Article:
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Setting goals for your homestead.

Goals--every homestead should have goals! This applies to the smallest hobby farm up to the largest row crop producers. Goals help guide and point the way to success. Without goals, your farm is stumbling in the dark toward an unknown destination ... most likely, failure. Setting goals is easy. (It's accomplishing them that takes the dedication and hard work!)

Ok, let's set some goals. First, goals should be set in terms of:

Daily goals

Go to your planner, bulletin board, or grab a piece of paper and write down three goals you will accomplish tomorrow. Remember, your goals are in addition to your daily chores and will rarely include these routine duties.

Example: After feeding the rabbits, hens and cattle, I will accomplish the following goals:

1. Begin mowing the pasture for three hours (a 12-hour job to be completed by next Monday).

2. Drive to Charlevoix and buy 20 bags of feed oats from the Sneathen Farm, one hour away.

3. Call Ellsworth Farmers Exchange and place feed order for delivery this Friday.

Daily goal setting is an outstanding way to supercharge your farm operation and kick productivity into overdrive. If you keep it simple and accomplish tasks in small increments, you can almost move the earth!

In agriculture, seasonality lends itself to goal-making. The daily routine on our farms can vary drastically as seasons change. This is a perfect scenario to establish a set of goals and work toward accomplishing them.

Seasonal goals Winter:

* Research vegetable market trends and purchase seeds for the "hot selling" items

* Establish three new direct market accounts for vegetables

* Overhaul tractor engine, fix manure spreader

* Clean out garage

* Research methods to reduce farm expenses by 10% over last year

* Remove old fruit trees; cut, sell as firewood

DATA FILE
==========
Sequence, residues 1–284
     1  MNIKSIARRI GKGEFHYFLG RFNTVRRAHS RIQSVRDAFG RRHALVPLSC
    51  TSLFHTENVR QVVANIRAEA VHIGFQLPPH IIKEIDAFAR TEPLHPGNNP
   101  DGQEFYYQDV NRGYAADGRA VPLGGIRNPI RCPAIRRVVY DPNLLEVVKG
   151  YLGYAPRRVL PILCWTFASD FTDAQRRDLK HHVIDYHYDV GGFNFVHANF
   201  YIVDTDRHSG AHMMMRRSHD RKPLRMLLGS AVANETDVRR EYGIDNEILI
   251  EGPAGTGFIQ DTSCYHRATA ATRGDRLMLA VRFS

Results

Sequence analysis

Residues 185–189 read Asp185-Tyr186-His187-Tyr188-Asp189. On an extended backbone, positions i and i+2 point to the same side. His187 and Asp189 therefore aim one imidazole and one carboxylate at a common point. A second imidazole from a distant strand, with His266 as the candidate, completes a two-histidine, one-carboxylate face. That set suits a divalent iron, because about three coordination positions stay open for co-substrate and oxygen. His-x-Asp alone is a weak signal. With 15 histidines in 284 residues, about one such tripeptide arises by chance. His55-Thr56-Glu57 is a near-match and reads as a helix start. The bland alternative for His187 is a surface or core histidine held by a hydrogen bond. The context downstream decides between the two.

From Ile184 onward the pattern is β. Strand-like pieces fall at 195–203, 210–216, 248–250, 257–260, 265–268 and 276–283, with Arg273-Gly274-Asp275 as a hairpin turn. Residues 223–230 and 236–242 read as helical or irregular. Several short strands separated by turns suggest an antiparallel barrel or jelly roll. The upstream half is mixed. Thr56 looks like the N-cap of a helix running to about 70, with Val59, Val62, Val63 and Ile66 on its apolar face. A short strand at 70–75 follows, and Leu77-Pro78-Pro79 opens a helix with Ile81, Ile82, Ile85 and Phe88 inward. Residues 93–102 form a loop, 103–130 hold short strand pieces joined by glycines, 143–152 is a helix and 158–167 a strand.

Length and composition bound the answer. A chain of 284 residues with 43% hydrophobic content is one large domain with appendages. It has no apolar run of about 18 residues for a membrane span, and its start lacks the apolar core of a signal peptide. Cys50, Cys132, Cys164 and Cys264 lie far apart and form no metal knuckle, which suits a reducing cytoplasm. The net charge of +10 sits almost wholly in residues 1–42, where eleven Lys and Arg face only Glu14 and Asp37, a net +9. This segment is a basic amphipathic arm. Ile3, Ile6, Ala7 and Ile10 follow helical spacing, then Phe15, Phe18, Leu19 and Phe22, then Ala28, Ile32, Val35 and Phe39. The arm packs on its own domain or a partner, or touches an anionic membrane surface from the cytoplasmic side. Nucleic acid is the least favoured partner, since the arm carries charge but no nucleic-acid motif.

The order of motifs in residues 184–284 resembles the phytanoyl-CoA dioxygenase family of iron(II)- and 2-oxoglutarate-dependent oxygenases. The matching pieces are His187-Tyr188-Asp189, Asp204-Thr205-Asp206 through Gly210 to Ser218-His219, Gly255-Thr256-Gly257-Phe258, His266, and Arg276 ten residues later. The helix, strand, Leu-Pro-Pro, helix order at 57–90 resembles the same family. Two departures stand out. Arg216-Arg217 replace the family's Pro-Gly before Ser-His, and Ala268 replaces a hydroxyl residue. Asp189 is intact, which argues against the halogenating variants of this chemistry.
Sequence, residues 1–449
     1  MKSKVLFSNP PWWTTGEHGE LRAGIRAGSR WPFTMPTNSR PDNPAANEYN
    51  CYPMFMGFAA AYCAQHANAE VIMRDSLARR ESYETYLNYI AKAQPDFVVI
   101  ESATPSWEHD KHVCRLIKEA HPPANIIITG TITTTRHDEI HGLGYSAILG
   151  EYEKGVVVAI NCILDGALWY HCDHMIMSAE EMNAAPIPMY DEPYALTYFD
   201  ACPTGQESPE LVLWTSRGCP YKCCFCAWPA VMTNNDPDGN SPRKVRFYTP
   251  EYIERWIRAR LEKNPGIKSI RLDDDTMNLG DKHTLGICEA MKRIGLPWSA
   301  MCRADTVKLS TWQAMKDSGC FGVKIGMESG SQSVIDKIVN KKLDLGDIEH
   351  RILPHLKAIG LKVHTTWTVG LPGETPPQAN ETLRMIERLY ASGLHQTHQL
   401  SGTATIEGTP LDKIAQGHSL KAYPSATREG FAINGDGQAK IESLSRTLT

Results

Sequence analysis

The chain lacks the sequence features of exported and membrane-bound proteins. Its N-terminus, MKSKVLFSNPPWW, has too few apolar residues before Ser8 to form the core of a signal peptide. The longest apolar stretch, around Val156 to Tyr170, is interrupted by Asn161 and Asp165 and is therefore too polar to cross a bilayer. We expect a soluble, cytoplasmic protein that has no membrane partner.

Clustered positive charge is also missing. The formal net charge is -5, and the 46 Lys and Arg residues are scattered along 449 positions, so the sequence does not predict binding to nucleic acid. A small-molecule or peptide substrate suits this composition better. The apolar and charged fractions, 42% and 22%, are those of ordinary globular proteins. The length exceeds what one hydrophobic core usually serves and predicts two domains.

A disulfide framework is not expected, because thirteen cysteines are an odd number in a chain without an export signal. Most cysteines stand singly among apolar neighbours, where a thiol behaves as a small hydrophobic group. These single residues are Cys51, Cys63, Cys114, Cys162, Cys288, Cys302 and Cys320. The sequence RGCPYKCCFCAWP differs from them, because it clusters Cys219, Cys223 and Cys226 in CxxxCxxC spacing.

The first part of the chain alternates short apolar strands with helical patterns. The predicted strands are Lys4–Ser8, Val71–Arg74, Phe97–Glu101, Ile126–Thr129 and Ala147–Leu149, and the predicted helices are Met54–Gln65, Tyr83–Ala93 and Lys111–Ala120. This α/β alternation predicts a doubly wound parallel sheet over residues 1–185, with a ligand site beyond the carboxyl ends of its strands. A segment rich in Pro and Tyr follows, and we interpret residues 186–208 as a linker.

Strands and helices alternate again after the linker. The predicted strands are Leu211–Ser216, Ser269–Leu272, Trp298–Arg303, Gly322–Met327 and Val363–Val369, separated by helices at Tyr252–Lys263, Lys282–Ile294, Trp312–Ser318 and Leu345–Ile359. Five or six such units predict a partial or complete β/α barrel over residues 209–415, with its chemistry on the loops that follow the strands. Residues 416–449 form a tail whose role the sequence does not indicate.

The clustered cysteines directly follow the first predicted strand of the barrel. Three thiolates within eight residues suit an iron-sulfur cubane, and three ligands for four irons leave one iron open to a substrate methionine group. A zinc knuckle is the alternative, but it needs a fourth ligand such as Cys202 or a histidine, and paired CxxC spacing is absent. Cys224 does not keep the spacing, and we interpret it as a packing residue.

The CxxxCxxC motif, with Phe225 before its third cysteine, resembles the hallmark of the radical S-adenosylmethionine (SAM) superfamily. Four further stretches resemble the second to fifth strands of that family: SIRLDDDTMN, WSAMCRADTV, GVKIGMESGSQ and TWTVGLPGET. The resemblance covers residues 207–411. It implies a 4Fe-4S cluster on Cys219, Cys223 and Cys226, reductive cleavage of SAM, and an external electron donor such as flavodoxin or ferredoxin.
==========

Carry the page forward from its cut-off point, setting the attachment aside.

* Begin planting early season vegetables in hoop house

* Fertilize pasture

* Purchase feed oats, mineral licks, oyster shell, fuel and other nonperishables for upcoming season to lock in costs

* Purchase put/call options to hedge crop, cattle, hog prices

* Spot seed pasture with alfalfa, red clover to add nitrogen to soil

* Pour concrete floor in Port-a-Hut


* Monitor costs and don't exceed limits!

* Maximize time, energy and labor when on task

* Stay ahead of weeds

* Write daily goals to increase efficiency

* Take time to "smell the roses" and enjoy our lifestyle


* Clean out poultry barn, spread litter on pasture

* Buy, transport, apply new sawdust in poultry barn

* Fix rabbit cages, fences, windows, doors, etc.

* Cut, haul, stack firewood for following year's heating or sales

* Design better signage for farmers market

* Contact computer design company and set up farm website

* Purchase building supplies and begin barn renovation

Long-term goals

Long-term goals can be thought of in terms of "where do you see this farm operation in the years ahead?" Perhaps you need to think about setting up a trust, will or other legalities to insure a hassle-free transition to the next generation. Maybe you should focus on house, landscaping and building maintenance to sell the place and take advantage of high land prices. Maybe you'll want to move into new enterprises as market conditions change. Or perhaps purchasing additional land and expanding your operation is a good long-term goal.

Long-term goals focus on the "big picture" and are, therefore, of critical importance to the ultimate success and profitability of your farm. They can be thought of as "crossing the finish line." Each day, small strides should be taken to advance long-term goals. Daily and seasonal goals must compliment long-term goals and aid in the accomplishment of the big picture.

It' never to late to start goal setting for your homestead.


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Article Details
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Author:Edwards, Steve
Publication:Countryside & Small Stock Journal
Geographic Code:1USA
Date:Jan 1, 2008
Previous Article:Efficiency vs. quality: improving your techniques in a home craft business.
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